As this is a comic book caper and very far from the actual reality of war, Captain America with the aid of a motley crew of trusted soldiers, an elegant British attache Peggy Carter played by Hayley Atwell of Brideshead Revisited fame and empowered with an arsenal of weapons, military transportation and the like by Howard Stark, Ironman’s father, played by the dashing Dominic Cooper from Mamma Mia, Captain America takes on the crazed Captain Schmidt whose powers derive from some Nordic mythological cube, capable of utter destruction.

Only the Brave and the Strong

Captain America is thrilling, glamorous and a great adventure film with tribute being payed to the Indiana Jones franchise whilst keeping in line with similar styled 1940s themed films from Casablanca to Bugsy. Watch out for a fantastic chase sequence in Brooklyn, a twist at the end and definitely a promise of a sequel. The supporting cast are terrific from Tommy Lee Jones as the no nonsense Colonel Phillips to Hugo Weaving bolstering up Chris Evan’s performance as the ultimate American superhero.

 

 

Texas is No Place for Survivors

No Country for Old Men

It is a difficult nut to crack. No Country for Old Men initially purely for its shock value, then for Joel and Ethan Coen’s take on morality in border town Texas. Even the second viewing was hard to contemplate. From its relentless scenery to its unrelentless take on the Mexican-Texan drug trade, the Coen brothers never compromise of their  vision of an America without any heroes and essentially its Superb!

Rich in imagery and dark in imagination coupled by great performances from the cast from Javier Bardem to Josh Brolin and Kelly McDonald. The Coen brothers seminal work is a masterpiece in psychological immorality and genuine disconnectedness of the main characters. From Tommy Lee Jones’s cynical police chief to the cold blooded ruthlessness of Javier Bardems psychopathic killer Anton Chiqua the film betrays a sense of ruthlessness and immorality little before seen on the big screen. Panoramic visions of Texas and neighboring Mexico make little t0 assuage the view. To make the viewer feel better.

Not for the faint-hearted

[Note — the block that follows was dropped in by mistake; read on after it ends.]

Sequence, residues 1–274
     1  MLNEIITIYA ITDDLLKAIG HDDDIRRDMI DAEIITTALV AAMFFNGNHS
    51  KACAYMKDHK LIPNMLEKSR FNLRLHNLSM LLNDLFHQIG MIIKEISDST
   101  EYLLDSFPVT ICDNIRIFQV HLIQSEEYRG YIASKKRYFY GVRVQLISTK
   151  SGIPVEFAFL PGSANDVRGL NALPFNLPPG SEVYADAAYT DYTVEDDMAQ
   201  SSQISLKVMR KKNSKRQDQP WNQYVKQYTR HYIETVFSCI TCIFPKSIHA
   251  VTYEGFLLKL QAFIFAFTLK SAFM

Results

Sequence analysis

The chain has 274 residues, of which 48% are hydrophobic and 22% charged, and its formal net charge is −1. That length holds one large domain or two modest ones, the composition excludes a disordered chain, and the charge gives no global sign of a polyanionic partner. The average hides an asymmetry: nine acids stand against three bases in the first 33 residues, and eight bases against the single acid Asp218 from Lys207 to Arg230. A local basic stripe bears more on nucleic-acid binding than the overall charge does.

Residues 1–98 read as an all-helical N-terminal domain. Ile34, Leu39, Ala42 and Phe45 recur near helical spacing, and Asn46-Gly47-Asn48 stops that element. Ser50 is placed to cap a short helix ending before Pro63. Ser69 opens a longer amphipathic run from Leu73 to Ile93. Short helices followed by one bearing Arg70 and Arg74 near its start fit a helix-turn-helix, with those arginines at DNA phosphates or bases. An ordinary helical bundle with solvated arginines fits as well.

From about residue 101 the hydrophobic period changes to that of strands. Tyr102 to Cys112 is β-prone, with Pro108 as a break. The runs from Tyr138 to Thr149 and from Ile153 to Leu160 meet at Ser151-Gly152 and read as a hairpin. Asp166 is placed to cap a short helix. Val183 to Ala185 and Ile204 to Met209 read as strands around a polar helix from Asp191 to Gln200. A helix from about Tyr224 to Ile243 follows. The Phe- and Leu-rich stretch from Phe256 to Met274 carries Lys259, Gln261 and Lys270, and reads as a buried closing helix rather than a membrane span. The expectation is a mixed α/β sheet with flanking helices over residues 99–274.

Even in the second viewing the Coen brothers disturbing point of view is fascinating and simultaneously appalling for those who watch it, but in a true Cinematic tradition, their film is both a masterpiece and a harrowing account of the cost of greed and revenge. Its a tough showdown but ultimately rewarding tale of disillusionment, disgrace and courage faltered in a land ravaged by death and destruction.

Javier Bardem’s performance is intimate and contained, rich in evil and retribution, filled with that abysmal sinister quality of a man which clearly operates outside the law. He is a non-conformist, who is bound by his own sense of justice and revenge. A sense not grounded in reality but pure evil, unadulterated.

Josh Brolin is equally brilliant as a man who makes a conscious decision not to redeem himself in any way possible and accept the consequences however grotesque for  a man who crosses a moral boundary with no way of turning back.

Tommy Lee Jones mirrors the path of the psychopathic killer, from drinking the same milk to staring at the same emptiness of a TV screen not quite tuned into the world. A cynical sheriff, a man who has becomes speculative, a watch on all the macabre episodes, not realizing the gravity of the events, but only its significant consequences…

Utlimately, there is no sense of redemption in a film like No Country for Old Men, no cathartic assurances, just a deep valued sense of tragedy which its dark vision never compromises on, leaving the viewer wasted, but realizing that they have watched a film exceptionally profound. No Country for Old Men won four Oscars for Best Picture, Best Director, Best Adapted Screenplay from the novel by Cormac McCarthy and of course Best Supporting Actor for Javier Bardem’s spine chilling portrayal of a hitman.